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Sci Transl Med. 2016 Sep 28;8(358):358ra128. doi: 10.1126/scitranslmed.aaf6812.

Dysregulation of angiopoietin-1 plays a mechanistic role in the pathogenesis of cerebral malaria.

Author information

1
Department of Laboratory Medicine and Pathobiology, University of Toronto, Toronto, Ontario M5S 1A8, Canada. Sandra Rotman Centre for Global Health, University Health Network-Toronto General Hospital, and the Tropical Disease Unit, Department of Medicine, University of Toronto, Toronto, Ontario M5G 1L7, Canada. Center for Vascular Biology Research, Beth Israel Deaconess Medical Center, Harvard Medical School, Boston, MA 02215, USA.
2
Regeneron Pharmaceuticals Inc, Tarrytown, NY 10591, USA.
3
Sandra Rotman Centre for Global Health, University Health Network-Toronto General Hospital, and the Tropical Disease Unit, Department of Medicine, University of Toronto, Toronto, Ontario M5G 1L7, Canada. Grand Challenges Canada, Toronto, Ontario M5G 1L7, Canada.
4
Sandra Rotman Centre for Global Health, University Health Network-Toronto General Hospital, and the Tropical Disease Unit, Department of Medicine, University of Toronto, Toronto, Ontario M5G 1L7, Canada.
5
Sandra Rotman Centre for Global Health, University Health Network-Toronto General Hospital, and the Tropical Disease Unit, Department of Medicine, University of Toronto, Toronto, Ontario M5G 1L7, Canada. Department of Pediatrics, University of Alberta, Edmonton, Alberta T6G 1C9, Canada.
6
Department of Paediatrics and Child Health, Mulago Hospital and Makerere University, Kampala 7051, Uganda.
7
New York University School of Medicine, New York, NY 10006, USA.
8
Feinberg Cardiovascular Research Institute and Division of Nephrology/Hypertension, Northwestern University Feinberg School of Medicine, Chicago, IL 60611, USA.
9
Departments of Medicine, Pathology, Pharmacology and Global Health, University of Washington, Seattle, WA 98195, USA.
10
Department of Laboratory Medicine and Pathobiology, University of Toronto, Toronto, Ontario M5S 1A8, Canada. Sandra Rotman Centre for Global Health, University Health Network-Toronto General Hospital, and the Tropical Disease Unit, Department of Medicine, University of Toronto, Toronto, Ontario M5G 1L7, Canada. kevin.kain@uhn.ca.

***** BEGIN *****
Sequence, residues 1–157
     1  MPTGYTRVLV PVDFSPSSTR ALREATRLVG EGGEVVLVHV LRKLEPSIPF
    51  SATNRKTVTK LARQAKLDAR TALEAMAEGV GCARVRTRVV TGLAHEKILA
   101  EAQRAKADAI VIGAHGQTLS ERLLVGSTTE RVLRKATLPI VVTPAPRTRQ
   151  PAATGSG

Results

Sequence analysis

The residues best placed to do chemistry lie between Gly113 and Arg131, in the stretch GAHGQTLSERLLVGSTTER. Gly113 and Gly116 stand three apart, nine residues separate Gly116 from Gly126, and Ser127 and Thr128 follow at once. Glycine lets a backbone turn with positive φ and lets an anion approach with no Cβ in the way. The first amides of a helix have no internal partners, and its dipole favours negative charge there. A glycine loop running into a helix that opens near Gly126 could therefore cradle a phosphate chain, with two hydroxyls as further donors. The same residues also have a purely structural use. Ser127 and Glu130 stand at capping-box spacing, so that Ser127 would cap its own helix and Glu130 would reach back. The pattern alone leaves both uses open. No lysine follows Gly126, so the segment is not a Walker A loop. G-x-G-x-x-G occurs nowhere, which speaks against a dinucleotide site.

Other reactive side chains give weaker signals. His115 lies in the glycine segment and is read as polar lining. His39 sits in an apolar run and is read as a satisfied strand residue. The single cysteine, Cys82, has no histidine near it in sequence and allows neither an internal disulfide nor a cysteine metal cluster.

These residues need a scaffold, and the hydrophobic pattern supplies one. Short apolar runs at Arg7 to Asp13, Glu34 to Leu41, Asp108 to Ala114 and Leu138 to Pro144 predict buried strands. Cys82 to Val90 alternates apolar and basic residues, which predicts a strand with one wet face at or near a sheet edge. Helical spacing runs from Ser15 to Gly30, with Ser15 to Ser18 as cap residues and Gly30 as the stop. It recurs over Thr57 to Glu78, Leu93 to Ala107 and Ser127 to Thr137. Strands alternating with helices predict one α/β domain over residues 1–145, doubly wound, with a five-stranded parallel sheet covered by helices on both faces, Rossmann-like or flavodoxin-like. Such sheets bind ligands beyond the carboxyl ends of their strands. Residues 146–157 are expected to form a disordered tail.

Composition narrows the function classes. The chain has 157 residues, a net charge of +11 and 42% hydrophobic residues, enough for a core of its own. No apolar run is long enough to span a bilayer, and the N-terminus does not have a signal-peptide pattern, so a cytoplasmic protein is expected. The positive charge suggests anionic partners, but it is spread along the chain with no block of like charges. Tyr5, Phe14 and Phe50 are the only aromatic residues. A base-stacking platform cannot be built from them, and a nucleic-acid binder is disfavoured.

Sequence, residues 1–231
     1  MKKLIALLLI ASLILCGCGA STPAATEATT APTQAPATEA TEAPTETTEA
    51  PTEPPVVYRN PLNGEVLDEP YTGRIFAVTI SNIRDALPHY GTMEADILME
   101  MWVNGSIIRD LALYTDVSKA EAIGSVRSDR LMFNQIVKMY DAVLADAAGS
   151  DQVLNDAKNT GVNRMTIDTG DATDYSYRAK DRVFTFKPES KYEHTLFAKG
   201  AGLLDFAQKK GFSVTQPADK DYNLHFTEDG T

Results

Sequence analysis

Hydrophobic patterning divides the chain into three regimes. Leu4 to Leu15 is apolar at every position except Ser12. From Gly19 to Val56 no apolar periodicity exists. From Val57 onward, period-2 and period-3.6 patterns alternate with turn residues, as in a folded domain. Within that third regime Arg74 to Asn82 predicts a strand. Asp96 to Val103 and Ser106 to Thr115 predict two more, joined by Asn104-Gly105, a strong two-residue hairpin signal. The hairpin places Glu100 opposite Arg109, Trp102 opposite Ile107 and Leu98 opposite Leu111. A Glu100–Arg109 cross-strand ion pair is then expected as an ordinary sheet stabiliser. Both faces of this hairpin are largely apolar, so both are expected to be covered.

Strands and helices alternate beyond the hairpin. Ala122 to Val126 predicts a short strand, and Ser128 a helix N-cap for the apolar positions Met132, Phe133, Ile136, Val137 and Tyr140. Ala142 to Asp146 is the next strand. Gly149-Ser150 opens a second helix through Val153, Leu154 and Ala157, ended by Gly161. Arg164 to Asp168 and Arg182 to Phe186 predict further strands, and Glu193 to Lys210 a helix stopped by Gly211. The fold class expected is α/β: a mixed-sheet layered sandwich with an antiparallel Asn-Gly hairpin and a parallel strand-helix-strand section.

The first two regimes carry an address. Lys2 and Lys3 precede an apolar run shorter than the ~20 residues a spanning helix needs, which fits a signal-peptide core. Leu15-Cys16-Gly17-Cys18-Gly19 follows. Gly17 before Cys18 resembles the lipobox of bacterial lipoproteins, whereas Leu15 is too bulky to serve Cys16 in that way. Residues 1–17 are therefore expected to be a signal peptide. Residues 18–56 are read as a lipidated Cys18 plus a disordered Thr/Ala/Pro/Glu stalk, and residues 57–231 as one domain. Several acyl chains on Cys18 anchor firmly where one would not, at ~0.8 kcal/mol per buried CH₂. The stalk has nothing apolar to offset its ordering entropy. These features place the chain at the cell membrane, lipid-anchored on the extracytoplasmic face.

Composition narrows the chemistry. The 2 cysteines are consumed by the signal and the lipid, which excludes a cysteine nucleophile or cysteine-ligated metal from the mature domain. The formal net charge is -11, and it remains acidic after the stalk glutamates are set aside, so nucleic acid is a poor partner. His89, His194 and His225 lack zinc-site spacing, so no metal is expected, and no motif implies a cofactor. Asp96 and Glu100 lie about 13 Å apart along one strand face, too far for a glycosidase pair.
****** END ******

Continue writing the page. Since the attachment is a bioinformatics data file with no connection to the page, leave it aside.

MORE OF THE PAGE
Abstract

Cerebral malaria is a leading cause of global morbidity and mortality. Interventions targeting the underlying pathophysiology of cerebral malaria may improve outcomes compared to treatment with antimalarials alone. Microvascular leak plays an important role in the pathogenesis of cerebral malaria. The angiopoietin (Ang)-Tie-2 system is a critical regulator of vascular function. We show that Ang-1 expression and soluble Tie-2 expression were associated with disease severity and outcome in a prospective study of Ugandan children with severe malaria and in a preclinical murine model of experimental cerebral malaria. Ang-1 was necessary for maintenance of vascular integrity and survival in a mouse model of cerebral malaria. Therapeutic administration of Ang-1 preserved blood-brain barrier integrity and, in combination with artesunate treatment, improved survival beyond that with artesunate alone. These data define a role for dysregulation of the Ang-Tie-2 axis in the pathogenesis of cerebral malaria and support the evaluation of Ang-Tie-2-based interventions as potential adjunctive therapies for treating severe malaria.

PMID:
27683553
DOI:
10.1126/scitranslmed.aaf6812
[Indexed for MEDLINE]

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